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Clin Infect Dis. 2000 Jul;31(1):131-5. Epub 2000 Jul 25.

Bartonella quintana and urban trench fever.

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  • 1Division of Infectious Diseases, Department of Medicine, University of Washington, Seattle, WA, USA.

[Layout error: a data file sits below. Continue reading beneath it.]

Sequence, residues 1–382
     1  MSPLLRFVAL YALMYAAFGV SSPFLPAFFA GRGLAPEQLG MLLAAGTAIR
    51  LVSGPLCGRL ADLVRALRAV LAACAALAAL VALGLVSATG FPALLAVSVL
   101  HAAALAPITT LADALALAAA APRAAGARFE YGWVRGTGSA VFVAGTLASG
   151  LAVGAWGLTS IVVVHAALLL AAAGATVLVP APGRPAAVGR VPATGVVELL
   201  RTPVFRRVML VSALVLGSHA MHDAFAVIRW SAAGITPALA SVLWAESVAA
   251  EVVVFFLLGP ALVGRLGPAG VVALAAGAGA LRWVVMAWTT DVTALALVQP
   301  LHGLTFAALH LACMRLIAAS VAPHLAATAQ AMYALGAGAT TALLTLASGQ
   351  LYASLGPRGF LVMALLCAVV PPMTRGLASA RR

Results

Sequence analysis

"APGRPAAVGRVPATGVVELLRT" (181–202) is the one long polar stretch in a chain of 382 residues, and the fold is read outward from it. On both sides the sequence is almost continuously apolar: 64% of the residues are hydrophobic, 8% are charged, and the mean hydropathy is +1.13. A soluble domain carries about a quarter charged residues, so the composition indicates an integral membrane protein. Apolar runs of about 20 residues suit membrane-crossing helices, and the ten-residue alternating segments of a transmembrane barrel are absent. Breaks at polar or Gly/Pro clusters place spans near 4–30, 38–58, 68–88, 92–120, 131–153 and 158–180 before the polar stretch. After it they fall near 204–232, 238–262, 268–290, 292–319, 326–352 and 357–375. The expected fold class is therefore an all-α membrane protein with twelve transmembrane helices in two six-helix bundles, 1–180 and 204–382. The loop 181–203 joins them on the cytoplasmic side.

Contemporary Bartonella quintana infections have emerged in diverse regions of the world, predominantly involving socially disadvantaged persons. Available data suggest that the human body louse Pediculus humanus is the vector for transmission of B. quintana. Descriptions of the clinical manifestations associated with contemporary B. quintana infections have varied considerably and include asymptomatic infection, a relapsing febrile illness, headache, leg pain, "culture-negative" endocarditis, and, in human immunodeficiency virus-infected persons, bacillary angiomatosis. Laboratory diagnosis is most convincing when B. quintana is isolated in blood culture, but growth often takes 20-40 days; problems exist with both sensitivity and specificity of serological assays. On the basis of available information, use of doxycycline, erythromycin, or azithromycin to treat B. quintana infections is recommended. Treatment of uncomplicated B. quintana bacteremia for 4-6 weeks and treatment of B. quintana endocarditis (in a person who does not undergo valve surgery) for 4-6 months are recommended, with the addition of a bactericidal agent (such as a third-generation cephalosporin or an aminoglycoside) during the initial 2-3 weeks of therapy for endocarditis.

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